Furthermore, these contributions are not nominal by any means. Scaife has contributed $1.9 million; Bradley has given more than $1.5 million; Fieldstone contributes an average of $75,000 a year. Why are these organizations funding the IRD to this extent? What is their goal in doing so? Why do they care so much about the United Methodist Church?

The second question has to do with the makeup of the IRD board. Swecker raised this question in an interview with the late Diane Knippers, who was the IRD's executive director until her premature death from cancer this past April. "You have on your board of advisors prominent Catholics and people from the Jewish community," he asked. "What is their interest as IRD members in directly going to Protestant mainline churches to hold them accountable -- but not to their own faith communities?"

Swecker then makes the question even more pointed: "If the shoe were on the other foot, and you had an organization of self-appointed Protestants attacking Catholic or Jewish organizations, how do you think that would go down?" (Hard Ball, p. 89) Excellent question.

Swecker's answer to his own question is that the presence of famous conservative Catholics like Michael Novak and Richard John Neuhaus has given the IRD credibility in conservative circles and, thus, helped the IRD get the kind of funding it has gotten from conservative funders.

Let me be clear. It is a free country. If Adolph Coors wants to use his Castle Rock Foundation to fund a group that attacks moderate and liberal United Methodists, it is his money. If Father Neuhaus wants to sit on a board that attempts to put the United Methodist General Board of Church and Society out of business even though he himself is Catholic and not Methodist, that is his business. (Although I suspect he might scream bloody murder if a Protestant agency were formed that called itself RC Action to advocate disbanding the Catholic Conference of Bishops' Secretariat for Pro-Life Activities.)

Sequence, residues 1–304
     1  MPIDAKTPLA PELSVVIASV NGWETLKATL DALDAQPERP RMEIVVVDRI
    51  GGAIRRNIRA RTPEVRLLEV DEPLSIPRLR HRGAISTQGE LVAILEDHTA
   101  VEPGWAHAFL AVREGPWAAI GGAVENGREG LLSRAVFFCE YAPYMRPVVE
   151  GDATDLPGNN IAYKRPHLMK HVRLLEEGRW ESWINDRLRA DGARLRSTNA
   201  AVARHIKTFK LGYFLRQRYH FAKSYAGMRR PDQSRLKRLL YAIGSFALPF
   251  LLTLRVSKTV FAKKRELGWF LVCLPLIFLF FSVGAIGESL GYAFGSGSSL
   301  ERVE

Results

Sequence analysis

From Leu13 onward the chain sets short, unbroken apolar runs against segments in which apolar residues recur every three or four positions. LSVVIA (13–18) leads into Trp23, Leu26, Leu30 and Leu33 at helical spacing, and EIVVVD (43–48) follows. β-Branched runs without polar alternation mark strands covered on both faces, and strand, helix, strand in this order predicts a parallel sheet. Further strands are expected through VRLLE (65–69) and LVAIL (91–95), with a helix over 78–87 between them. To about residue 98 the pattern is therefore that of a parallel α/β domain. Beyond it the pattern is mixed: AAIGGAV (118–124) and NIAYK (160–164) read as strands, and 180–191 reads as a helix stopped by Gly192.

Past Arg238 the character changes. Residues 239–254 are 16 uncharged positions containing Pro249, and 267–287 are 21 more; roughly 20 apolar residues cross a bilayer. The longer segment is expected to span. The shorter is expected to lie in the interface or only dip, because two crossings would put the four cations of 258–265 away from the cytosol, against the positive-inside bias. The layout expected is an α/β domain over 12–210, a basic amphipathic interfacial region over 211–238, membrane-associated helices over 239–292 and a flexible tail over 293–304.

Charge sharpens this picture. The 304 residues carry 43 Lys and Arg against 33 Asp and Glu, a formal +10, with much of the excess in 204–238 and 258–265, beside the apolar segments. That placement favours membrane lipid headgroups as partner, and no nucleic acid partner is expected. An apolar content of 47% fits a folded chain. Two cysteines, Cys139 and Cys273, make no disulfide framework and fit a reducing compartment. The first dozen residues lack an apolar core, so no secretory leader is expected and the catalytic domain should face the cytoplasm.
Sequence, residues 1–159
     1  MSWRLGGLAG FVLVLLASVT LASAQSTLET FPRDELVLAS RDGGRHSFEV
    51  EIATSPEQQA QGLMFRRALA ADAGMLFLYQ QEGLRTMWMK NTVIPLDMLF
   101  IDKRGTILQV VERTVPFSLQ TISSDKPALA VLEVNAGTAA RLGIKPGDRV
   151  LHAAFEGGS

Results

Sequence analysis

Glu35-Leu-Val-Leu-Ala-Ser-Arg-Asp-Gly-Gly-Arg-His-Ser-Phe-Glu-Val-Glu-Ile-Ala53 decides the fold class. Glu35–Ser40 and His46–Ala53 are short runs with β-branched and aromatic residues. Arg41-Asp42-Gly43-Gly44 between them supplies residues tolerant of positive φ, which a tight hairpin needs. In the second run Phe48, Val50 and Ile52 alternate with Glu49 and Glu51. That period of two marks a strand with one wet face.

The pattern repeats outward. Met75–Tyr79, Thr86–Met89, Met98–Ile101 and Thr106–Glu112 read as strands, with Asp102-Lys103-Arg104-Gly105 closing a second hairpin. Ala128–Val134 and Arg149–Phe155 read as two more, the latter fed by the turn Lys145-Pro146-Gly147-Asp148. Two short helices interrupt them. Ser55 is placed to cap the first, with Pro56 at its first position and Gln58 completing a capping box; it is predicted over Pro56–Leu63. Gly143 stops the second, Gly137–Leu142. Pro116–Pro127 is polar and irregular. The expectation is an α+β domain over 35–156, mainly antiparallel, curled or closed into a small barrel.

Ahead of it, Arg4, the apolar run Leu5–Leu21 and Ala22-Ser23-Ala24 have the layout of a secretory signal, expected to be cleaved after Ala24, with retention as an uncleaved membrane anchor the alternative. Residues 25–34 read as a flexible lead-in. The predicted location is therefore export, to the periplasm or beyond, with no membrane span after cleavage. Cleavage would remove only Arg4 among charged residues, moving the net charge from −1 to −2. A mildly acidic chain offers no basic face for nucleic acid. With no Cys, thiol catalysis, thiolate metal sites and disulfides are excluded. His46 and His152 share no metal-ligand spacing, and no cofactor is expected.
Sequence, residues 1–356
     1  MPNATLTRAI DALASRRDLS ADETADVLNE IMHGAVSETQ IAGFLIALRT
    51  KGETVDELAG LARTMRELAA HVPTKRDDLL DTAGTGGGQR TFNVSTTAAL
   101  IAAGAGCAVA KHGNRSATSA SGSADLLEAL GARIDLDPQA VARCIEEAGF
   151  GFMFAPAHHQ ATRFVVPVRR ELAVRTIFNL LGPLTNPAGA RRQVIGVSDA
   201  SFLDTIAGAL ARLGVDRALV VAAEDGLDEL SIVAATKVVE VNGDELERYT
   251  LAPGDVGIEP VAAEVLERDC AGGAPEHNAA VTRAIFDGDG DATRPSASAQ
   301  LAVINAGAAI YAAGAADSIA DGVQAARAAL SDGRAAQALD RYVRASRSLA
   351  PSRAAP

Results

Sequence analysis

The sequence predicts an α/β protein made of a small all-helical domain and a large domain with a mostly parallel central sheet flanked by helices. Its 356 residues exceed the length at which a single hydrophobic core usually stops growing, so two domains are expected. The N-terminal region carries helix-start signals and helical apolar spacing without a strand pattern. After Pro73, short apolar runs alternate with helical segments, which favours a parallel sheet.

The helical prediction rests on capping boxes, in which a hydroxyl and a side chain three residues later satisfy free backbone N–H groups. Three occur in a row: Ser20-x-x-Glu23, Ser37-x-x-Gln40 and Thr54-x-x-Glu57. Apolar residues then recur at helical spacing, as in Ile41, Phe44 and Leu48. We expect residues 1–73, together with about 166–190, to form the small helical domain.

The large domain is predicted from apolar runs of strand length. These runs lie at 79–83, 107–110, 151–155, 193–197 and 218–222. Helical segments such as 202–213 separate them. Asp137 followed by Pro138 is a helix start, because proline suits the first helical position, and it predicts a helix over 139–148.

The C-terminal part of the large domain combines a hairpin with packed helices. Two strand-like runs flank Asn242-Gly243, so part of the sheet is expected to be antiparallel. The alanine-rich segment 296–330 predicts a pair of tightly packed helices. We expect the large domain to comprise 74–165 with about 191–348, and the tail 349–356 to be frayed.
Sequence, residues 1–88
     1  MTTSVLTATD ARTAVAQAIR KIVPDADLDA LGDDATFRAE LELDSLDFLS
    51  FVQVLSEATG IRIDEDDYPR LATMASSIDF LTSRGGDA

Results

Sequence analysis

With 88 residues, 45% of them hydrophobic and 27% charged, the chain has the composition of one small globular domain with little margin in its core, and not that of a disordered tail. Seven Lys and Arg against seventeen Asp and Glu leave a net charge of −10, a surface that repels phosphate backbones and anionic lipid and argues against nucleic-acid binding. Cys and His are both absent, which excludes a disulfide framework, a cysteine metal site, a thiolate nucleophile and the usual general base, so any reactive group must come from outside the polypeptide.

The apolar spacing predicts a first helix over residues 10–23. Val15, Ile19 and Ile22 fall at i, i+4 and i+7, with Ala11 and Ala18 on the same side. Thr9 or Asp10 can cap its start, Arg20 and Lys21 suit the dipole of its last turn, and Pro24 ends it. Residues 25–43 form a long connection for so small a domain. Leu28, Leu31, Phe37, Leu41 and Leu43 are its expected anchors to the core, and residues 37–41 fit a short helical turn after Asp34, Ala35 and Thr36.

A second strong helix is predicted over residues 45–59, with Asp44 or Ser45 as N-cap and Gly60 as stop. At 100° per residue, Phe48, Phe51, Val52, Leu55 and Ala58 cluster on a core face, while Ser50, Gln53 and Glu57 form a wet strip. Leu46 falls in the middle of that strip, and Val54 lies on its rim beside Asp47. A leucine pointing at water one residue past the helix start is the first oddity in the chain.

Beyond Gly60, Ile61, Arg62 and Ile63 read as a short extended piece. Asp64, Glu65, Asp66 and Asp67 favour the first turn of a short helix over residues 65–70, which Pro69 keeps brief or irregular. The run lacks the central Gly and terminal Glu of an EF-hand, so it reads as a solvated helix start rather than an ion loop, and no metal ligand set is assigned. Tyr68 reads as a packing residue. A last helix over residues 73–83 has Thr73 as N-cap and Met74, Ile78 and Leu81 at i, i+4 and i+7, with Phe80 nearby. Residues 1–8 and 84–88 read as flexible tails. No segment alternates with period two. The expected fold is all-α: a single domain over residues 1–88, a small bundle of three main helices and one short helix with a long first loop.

It is a free country, and anybody who wants to give his or her money to the IRD ought to be able to do so, and the IRD ought to be able to have anyone it wants on its board.

United Methodists, however, ought to recognize that something different from disagreements we have lived through in the past is going on here. This is something different from a family discussion, or even a family argument.

I am pleased that, unlike the earlier book United Methodism @ Risk: A Wake-Up Call published by the Information Project for United Methodists, the focus of Hard Ball is almost entirely on the IRD. I really believe the IRD is different.

I believe the discussion with the Good News Movement and the Confessing Movement is a family argument. These latter movements consist of United Methodists who love their denomination as much as I do, but who have a different theological understanding and vision. I was afraid Hard Ball, like @ Risk, would try to tar all conservative United Methodist organizations with the same brush.

There is only one article in Hard Ball that focuses on Good News. It is anecdotal and not substantive, and Good News is given the opportunity to respond, and does so at length. Still, this chapter would have better been left out of the book. The IRD and Good News are different kinds of organizations.

Good News and the Confessing Movement are efforts by United Methodists to influence their church. The IRD is an attempt to steer United Methodism, and other Protestant denominations, from the outside on behalf of a secular political agenda.